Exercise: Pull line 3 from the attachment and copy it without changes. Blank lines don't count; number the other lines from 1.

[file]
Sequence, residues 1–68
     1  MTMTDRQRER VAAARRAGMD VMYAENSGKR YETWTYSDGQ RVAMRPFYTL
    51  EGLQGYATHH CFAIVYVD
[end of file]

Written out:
    51  EGLQGYATHH CFAIVYVD